Freeloader: Cold Finishes the Monk is blissful new ambient meditation from Ten and Tracer

Denver electronic artist Ten and Tracer has released his latest album Cold Finishes the Monk for free download and we can't suggest too strongly that you hurry over and grab it. Previous releases for the well-reagrded producer have ranged from super-intricate IDM to chilled-out ambient (plus a fair bit of sexy, hip-swinging techno under another alias) but this work ranks up there with his most genuinely ambient -- and accomplished -- to date. Meditative and inviting, these eleven tracks are just about perfect examples of the often-mischaracterized ambient form.

The website liner notes offered with the release name an odd set of influences: "The writings of Nishida Kitaro and Dogen, and his studies in evolution, genetics and developmental biology." Also identified are an "ever growing collection of tape recorders, strange films, warped records, and custom-built software," which is slightly more apparent.

Whatever ingredients went into the mix, the results are beautiful: eleven tracks full of meditations on space, movement and tone. They range from shifting, ethereal soundscapes to minimalist piano tone poems. Environmental sounds, smeary snippets of voices and slowly evolving synth tones are the main building blocks of these tracks, but each listen reveals new elements. They are minimalist yet minutely detailed and reward either background play or close attention -- quite a feat.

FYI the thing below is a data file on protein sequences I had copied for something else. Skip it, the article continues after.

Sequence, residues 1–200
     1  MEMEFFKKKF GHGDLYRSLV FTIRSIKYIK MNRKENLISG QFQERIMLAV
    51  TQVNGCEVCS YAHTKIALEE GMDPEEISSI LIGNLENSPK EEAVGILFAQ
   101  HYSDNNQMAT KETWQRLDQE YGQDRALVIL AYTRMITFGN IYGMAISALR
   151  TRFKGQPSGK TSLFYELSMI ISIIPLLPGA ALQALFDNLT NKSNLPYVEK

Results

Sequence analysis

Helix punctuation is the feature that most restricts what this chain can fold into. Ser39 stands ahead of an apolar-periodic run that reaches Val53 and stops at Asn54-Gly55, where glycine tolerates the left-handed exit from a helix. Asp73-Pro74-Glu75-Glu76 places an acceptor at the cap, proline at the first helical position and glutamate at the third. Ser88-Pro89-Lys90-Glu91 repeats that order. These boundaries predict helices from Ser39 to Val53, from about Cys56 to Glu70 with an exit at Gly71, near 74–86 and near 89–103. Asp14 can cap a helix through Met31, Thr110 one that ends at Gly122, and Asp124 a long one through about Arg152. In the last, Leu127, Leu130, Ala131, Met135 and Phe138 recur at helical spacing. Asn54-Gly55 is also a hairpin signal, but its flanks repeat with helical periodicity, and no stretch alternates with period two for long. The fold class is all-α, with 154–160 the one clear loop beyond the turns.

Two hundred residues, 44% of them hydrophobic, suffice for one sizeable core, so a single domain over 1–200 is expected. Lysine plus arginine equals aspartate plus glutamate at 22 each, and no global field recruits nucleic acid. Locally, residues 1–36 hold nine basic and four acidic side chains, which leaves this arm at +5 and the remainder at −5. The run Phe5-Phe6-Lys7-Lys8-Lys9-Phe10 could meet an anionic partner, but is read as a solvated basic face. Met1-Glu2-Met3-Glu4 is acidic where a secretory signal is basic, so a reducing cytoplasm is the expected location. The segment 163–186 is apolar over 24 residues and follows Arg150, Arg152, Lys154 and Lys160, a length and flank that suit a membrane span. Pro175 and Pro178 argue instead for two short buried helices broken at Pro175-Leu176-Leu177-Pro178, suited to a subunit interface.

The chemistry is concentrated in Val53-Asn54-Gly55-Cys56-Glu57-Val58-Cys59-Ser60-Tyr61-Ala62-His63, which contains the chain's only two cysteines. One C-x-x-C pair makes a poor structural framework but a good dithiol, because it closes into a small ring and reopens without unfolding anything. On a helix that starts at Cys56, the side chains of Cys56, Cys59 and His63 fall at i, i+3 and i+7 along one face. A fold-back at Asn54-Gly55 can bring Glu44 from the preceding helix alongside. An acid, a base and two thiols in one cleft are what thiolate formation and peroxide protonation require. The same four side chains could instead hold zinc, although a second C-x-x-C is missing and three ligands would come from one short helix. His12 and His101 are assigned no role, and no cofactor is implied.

You can download the entire disc as high-quality, 320kbps mp3 files at the album page on the Acre C Collective website. He's also offering an uncompressed version from Bandcamp for a donation. If you like it well enough, you can get it in physical form with some nice bonuses - namely in a handmade case with a bunch of Ten and Tracers artwork, such as the zen drawings to the right, included. Prices range from $16 for the standard edition to $38, which includes some hand-drawn pages and other cool stuff.
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Cory Casciato is a Denver-based writer with a passion for the geeky, from old science fiction movies to brand-new video games.
Contact: Cory Casciato